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Anybody read the article in NE frmer magazine bout feeding cattle?
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Posted 12/5/2012 08:14 (#2733886 - in reply to #2732636)
Subject: RE: A Few thoughts

There is nothing to be gained by expending a molecule of effort being a complainer (clicker) or their cheerleader (foggyday), complaining about how someone else has it easier than you.

Good managers realize that success is a moving target, and don't continue to do something because they enjoy it or it used to work. The most profitable use of assets, be it land, labor, or capital, will change over time and the real caveat is to know when to continue on or cut your losses--and the problem with that is we never know which is/was the correct move until after the fact.

We need to be asset managers, not farmers. Our goal needs to be financial security, not driving a tractor or looking at cattle lined up to the bunk (although that's about the nicest sight EVER).

I fed my family and built net worth utilizing sub-$2 corn by farrow to finish for 20 years. When the writing was on the wall that that wasn't going to continue to work, I bought feeder pigs for ten years. When the opportunity to sell $6+ corn came along, I opted for custom-feeding hogs. My timing probably wasn't perfect each time, but I spent serious desk time analyzing my choices and opted for a change, and each time it kindof worked out.

I like to feed a few calves. 4 times in 35 years (this year being one of them) I decided the risk/reward was not in my favor, so we are hauling our $7.50 corn to town now while the weather is good, and are getting $100/rd. bale for our hay.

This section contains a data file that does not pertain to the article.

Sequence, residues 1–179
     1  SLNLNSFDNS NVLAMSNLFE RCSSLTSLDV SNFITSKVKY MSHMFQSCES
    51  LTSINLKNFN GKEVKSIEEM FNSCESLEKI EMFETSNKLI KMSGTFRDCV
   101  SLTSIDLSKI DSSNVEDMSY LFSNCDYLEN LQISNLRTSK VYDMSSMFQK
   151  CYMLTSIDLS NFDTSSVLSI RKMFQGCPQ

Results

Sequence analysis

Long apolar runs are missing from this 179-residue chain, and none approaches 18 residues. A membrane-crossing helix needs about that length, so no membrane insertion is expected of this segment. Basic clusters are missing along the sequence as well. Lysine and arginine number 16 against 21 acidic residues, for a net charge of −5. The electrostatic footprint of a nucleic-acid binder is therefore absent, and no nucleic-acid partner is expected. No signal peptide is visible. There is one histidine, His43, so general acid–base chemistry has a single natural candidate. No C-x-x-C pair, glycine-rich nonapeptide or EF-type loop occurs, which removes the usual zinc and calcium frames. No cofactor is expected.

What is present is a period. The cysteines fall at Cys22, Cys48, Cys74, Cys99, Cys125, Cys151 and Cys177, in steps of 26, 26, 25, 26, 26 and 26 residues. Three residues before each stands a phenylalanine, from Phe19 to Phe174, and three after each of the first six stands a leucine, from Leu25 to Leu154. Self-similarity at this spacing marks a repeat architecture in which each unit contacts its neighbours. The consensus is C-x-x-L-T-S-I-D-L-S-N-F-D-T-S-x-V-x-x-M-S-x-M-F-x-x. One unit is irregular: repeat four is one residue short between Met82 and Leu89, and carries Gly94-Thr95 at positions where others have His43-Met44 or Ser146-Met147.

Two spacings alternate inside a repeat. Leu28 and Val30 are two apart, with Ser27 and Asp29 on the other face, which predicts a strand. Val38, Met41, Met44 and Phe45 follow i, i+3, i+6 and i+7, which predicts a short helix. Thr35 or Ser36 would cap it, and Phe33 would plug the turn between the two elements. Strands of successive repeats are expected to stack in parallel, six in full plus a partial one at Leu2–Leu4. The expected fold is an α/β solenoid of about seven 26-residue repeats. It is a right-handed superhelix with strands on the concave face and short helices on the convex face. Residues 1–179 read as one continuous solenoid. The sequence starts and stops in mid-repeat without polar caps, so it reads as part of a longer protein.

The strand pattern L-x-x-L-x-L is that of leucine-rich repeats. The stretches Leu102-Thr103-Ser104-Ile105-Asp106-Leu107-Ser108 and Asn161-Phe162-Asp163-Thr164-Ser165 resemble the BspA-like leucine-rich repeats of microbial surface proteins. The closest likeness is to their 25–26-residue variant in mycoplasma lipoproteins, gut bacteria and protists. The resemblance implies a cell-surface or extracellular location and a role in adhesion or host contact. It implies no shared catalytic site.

When these changes left me with excess labor, I started an off-farm business which has done well and, once the ag economy's fortunes swing the other way, will probably be the major profit center here.

I learned decades ago that I couldn't compete with my neighbors based on financials--I was worth ZERO and many of them were worth millions. And I was too conservative to borrow millions to try to play along side of them, so I had to do my own thing. Dreams are what we think about. Goals are what we can accomplish with sound business planning.

Back to the original question: I realize that a full-time feedlot has fixed costs that can be partially be covered by staying full (feeding cattle loses less $$ than sitting empty), and that can be their business plan for keeping in operation, at least temporarily. But for a small, "farmer feeder", there may be a better utilization of assets($ and Labor) and that may or may not be off-farm--but regardless, it will be a moving target if one wants the highest ROI.

Edited by Tommy 12/5/2012 08:15
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